mikewsmith
    Member

    I’d have thought the stuff you can see/smell is every bit as bad as the stuff you can’t.

    Nope, the bigger the molecule the better the noise hairs and other normal defences work to trap them, the really small stuff gets into your lungs and does more damage.
    https://www.lung.org/our-initiatives/healthy-air/outdoor/air-pollution/particle-pollution.html

    Premier Icon dmorts
    Subscriber

    They explained it in detail in the show

    I’ll listen again 🙂

    Nope, the bigger the molecule the better the noise hairs and other normal defences work to trap them, the really small stuff gets into your lungs and does more damage.
    https://www.lung.org/our-initiatives/healthy-air/outdoor/air-pollution/particle-pollution.html

    Sounds plausible but the last paragraph of the article you quoted says:

    The best evidence shows that having less of all types of particles in the air leads to better health and longer lives.

    Vinte
    Member

    dmorts, Yep I am aware of the concerns regarding outdoor air quality, I was just making a point that I believe they can be run efficiently enough not to poison the user base on my little experiment. In terms of their overall contribution to outdoor air quality (particulate matter) I agree that in heavily built up areas they don’t seem to make much sense. And I am concerned about air quality, I work in a city and have lived in city’s in the past. But, the impact they have, from my limited understanding does appear to depend on quite a number of factors and think user error is a big one and burning in open fires or older stoves. I only get a small amount of white smoke coming out of my flue, even during start up. That’s not to say PM2.5 or PM 10 is not being released but you can’t see or smell the burner (unless you look closely) when you walk past my house even on the calmest of days. Unlike the black smoke you see coming out of some peoples chimneys.
    Also, in city’s the low carbon/carbon neutral arguments of burning wood seem to go out of the window, where are people in central London getting their wood from. Mine comes from a tree surgeon less than a mile away or from wind fall in the woods across the road from my house. If I didn’t have this supply I wouldn’t have a log burner. I don’t see a problem with burning locally supplied wood efficiently in more rural areas. There are lots of ifs here. Also, from a carbon point of view, I think you need to look at the wider issues as well, what temperature do you heat your house to, car mileage, air miles etc.

    Vinte
    Member

    mikewsmith, Yes, I’ve no idea really as to the accuracy of the monitor in terms of the levels it is recording. The PMs go up when would expect them to, when there’s no wind or my wife is cooking. But the log burner doesn’t appear to make a difference.

    mikewsmith
    Member

    Sounds plausible but the last paragraph of the article you quoted says:

    The 2 statements are not exclusive, just that we are better set up to deal with the bigger stuff, the smaller stuff we have no defence for. Coughing up a load of dusty phlegm isn’t very nice or good for you as some of it will get through. That and if it’s from combustion the associated gasses will make it bad for you too.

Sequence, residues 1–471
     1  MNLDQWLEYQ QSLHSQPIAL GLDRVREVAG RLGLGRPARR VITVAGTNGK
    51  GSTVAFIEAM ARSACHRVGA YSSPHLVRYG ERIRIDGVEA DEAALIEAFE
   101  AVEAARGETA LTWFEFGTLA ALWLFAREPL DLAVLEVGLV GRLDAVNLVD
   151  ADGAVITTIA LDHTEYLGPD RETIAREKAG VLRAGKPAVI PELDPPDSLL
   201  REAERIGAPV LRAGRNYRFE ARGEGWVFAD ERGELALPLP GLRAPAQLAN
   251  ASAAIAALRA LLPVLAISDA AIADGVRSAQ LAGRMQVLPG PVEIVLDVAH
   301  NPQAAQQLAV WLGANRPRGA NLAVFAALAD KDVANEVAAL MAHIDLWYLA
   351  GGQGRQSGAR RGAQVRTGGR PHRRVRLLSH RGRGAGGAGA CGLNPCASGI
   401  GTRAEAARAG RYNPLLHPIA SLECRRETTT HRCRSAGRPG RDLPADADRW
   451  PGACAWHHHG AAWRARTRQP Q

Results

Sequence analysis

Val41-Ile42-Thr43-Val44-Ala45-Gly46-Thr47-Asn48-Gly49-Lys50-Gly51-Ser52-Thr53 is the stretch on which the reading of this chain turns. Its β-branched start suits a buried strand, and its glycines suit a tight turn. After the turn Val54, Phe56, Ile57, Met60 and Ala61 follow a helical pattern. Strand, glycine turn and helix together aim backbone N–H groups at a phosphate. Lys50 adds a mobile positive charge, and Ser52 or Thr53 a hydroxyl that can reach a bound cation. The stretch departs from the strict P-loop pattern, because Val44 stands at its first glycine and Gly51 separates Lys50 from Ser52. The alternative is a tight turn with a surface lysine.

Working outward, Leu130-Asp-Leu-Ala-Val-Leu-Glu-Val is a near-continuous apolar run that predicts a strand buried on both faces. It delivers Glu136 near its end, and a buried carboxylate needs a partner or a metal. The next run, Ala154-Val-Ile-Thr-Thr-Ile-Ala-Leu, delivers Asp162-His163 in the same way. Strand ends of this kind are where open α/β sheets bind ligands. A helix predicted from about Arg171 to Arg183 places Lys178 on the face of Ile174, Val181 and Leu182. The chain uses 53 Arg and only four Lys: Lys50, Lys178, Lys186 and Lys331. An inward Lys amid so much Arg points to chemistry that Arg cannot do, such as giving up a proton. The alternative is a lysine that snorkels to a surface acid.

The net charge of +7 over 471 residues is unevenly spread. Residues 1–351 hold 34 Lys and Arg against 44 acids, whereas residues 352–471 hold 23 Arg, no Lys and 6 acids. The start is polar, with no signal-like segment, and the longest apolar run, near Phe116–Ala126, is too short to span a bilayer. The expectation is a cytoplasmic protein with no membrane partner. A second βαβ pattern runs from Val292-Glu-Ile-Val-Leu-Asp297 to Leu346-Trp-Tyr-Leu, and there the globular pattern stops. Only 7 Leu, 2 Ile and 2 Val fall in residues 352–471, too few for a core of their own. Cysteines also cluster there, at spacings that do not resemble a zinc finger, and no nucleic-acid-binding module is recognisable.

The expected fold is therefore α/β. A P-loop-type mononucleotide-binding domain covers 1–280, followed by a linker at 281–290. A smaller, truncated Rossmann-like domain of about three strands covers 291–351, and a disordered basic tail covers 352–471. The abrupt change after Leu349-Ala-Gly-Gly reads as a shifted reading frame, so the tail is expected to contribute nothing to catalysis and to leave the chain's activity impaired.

Also when you use the word plausible are you waiting to be convinced, it’s not a wild theory it’s well accepted science.

    mikewsmith
    Member

    @Vinte

    This is what we used to use in stack



    that worked by getting the particles to fall out of a cyclone at the right size distribution and weighing them. Looks like it’s still a current method, there were optical solutions but again the temp and humidity had an impact on the particle size distribution. I will say I’ve been out of that game for a bit now but the principles still hold true,

    The 2 statements are not exclusive, just that we are better set up to deal with the bigger stuff, the smaller stuff we have no defence for. Coughing up a load of dusty phlegm isn’t very nice or good for you as some of it will get through. That and if it’s from combustion the associated gasses will make it bad for you too.

    Yup, I buy that.

    Also when you use the word plausible are you waiting to be convinced, it’s not a wild theory it’s well accepted science.

    Well, I think if people are saying that the stuff you can see is not very harmful then yes, I’d need some convincing. Victorian chimney sweeps got cancer on their skin simply from rubbing themselves on carbon all day. So the visible stuff is pretty nasty, even though a portion is not getting right into your lungs.

    …but in general no, I’m not waiting to be convinced that your body filters out a load of the bigger stuff before it gets to your lungs. “Plausible” is just something you say when you think something is true but you haven’t seen the evidence yet.

    We had a wood burner put into our inner-city house last year – DEFRA approved, so the air control always allows a fair amount of air flow, even when “closed”. We use very well seasoned, dry wood, delivered by a local supplier. Bloody hell does it go through that expensive wood quickly! It’s exhausting constantly having to get up from the sofa to feed it.

    Lush mind. If it gets banned I suppose we can put some lightbulbs in it and turn the gas heating on.

    Vinte
    Member

    That looks quite high tech compared to the little hand held thingy I’ve been using. I believe it is a laser particle detector.

    mikewsmith
    Member

    “Plausible” is just something you say when you think something is true but you haven’t seen the evidence yet.

    I think the HSE will have some good reading on it, plenty to google and have a read through. USEPA also has some great stuff and pushed through a heap of the measurement standards.

    Vinte
    Member

    rickonwheels, I think that is the correct attitude to have. If for whatever reason I didn’t have a well-seasoned supply of wood I’d just have to use the gas for 100% of the heating and leave the log burner as being a “feature” of the living room. It’s no big deal. A lot of people don’t have this option. On the cost of wood I don’t pay much because I get it green from the tree surgeon or free when a tree blocks the Road. It’s does take quite a lot of space to store and season but I quite enjoy chopping and stacking it.